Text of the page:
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This article is written by me – Kim Debron – it is owned by me. If you copy it, please give the credit to me, otherwise you are committing an act of plagiarism – you are stealing my work.

How to restore Trust once it has been broken.

Trust is one of the cornerstones or building blocks of any relationship, but in an M/s or D/s dynamic it is absolutely essential to trust the one you are with. Along with trust comes honesty and good communication and if you have all three of those, you have a great basis for a successful relationship.

Rebuilding damaged or broken trust is one of the greatest challenges a relationship can face. When we trust someone, we're not afraid, we can share hopes and fears and dreams, and ultimately, it is trust that allows us to give and receive love and in our world, to engage in a power exchange dynamic.


i found an article on WikiHow, which is titled "how to regain trust in someone" and though it is not specifically talking about an M/s or D/s dynamic, it is relevant. It talks about 3 steps to regaining trust –


1. Helping yourself first

2. Taking stock of what's left

3. Slowly rebuilding the trust



Step 1 - Helping yourself first:


Take some time away from the other person - in order to regain trust, you need to heal yourself first - you've been hurt - in our world that could mean physically as well as emotionally, and in order to turn this around you need to take time for yourself.


Try not to think about it at first, Do something different, go away, go and visit someone, cuddle a baby, - do anything that might make you forget what happened, just for a short time. Emotions can cloud judgement, it is hard to think straight when you are upset - you could end up saying something you regret. Your feelings are important, but  stepping away can give you a clearer line of thought.


Don't make yourself into a victim - you are a victim of the circumstances, but do not become "the victim" - the difference is this:

The victim of circumstance understands that the betrayal of trust was one incident, whereas "the victim" feels as if the entire relationship - all the good as well as the bad - is now affected.

The victim of circumstance wants to get over it and move forward, "the victim" wants to wallow in the pain that the other person caused them - if you remain as "the victim" you put up a wall in the way of regaining the trust that has been lost.


Remind yourself of good things in your life - after a breaking of trust, it is easy to feel like your world has been turned upside down. Look at what you have - friends, family, health, remember how good it is to have these.

Look at the positives - you have learned something about both of you - you can put that learning to good use.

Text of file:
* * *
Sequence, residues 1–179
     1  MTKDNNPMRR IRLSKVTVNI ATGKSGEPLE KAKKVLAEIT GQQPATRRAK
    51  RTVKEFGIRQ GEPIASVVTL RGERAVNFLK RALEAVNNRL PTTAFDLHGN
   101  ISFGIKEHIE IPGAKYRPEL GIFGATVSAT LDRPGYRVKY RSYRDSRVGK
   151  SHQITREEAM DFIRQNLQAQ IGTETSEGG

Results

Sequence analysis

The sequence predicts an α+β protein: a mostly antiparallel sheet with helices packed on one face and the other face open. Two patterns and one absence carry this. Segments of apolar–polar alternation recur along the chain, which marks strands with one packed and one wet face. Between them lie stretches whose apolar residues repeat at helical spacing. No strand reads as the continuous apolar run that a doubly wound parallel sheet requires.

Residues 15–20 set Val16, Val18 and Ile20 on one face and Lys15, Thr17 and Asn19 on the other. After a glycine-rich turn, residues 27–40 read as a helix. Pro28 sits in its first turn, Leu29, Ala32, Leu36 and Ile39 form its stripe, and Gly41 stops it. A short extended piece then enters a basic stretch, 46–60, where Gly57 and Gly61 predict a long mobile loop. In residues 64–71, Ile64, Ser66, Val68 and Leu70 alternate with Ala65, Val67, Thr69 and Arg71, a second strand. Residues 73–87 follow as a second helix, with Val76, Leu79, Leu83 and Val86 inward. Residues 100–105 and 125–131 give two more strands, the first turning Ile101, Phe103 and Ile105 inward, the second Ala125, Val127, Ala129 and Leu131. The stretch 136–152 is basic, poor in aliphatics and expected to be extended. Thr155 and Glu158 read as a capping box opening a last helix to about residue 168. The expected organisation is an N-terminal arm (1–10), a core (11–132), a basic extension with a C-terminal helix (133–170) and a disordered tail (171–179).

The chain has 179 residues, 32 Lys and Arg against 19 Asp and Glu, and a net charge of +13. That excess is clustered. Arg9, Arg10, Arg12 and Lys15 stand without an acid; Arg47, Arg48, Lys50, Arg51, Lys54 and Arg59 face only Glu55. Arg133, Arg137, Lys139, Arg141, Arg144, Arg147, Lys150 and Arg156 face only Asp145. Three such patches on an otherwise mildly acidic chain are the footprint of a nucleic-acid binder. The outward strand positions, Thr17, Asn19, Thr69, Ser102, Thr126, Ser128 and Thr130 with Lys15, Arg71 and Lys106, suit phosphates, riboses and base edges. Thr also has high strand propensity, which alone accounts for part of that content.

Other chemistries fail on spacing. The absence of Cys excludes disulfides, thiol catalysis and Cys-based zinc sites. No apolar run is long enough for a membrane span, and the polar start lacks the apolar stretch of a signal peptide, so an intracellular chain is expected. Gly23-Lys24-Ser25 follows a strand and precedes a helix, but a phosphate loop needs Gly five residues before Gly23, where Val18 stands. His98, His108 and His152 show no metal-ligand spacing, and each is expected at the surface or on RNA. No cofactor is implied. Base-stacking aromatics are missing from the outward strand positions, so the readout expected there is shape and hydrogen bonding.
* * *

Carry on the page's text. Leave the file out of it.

Do not do anything rash - when we are hurt by someone important, the gut reaction of most people is to try and punish that person – acting in that way is just another stumbling block in the way of regaining trust.

Do not be a hermit! After some time to yourself, get out and about again, be social, and let your friends comfort you because THEY might need to do that, and you can get different perspectives on what happened, which can give you a more rounded view of things.


Step 2 - Taking stock of what's left:


Evaluate the relationship - think about what it was like before this happened - did you have fun, were you happy, did you laugh a lot, or were you always sad?

Was there good communication? Were you listened to? Could you rely on him or her? Was this out of character - were there extenuating circumstances, or is there a pattern of behaviour?


Ask yourself why you were in this particular relationship, and do you want it back?

Try and identify 3 or 4 things that you value in a relationship and then determine if that person was meeting those needs.


Think about whether this breaking of trust was just a one off thing - examine what happened.

Was it calculated and done with the knowledge that it would hurt you? Was it an accident? Are there particular circumstances that would cause the person to behave differently?  Has there been an apology?


3. Slowly rebuilding the trust


Focus on the positives, one of the best ways to let go of resentment and anger, is to remind yourself of the good things about the person.


Try and put yourself in their shoes. Empathy (not pity) and understanding can be a good olive branch.

Talk about what happened - this comes back to good communication in my opinion. -

Be clear about your feelings and listen to the other person as well. Discuss what happened, and explain why you were hurt, but do not accuse.

Talk about expectations and how you see the relationship progressing, make sure you are both on the same page.

Try really hard to be positive, if you do not believe the trust can be rebuilt then it probably can't.

If you are the person who has broken the trust, then i believe that honesty and consistency is the way to rebuild and earn the trust of the other person. Mean what you say, say what you mean and stick to it. BE consistent in your actions to match the words.


Remember that everyone makes mistakes, and that forgiveness is a gift.


© kim debron 2014


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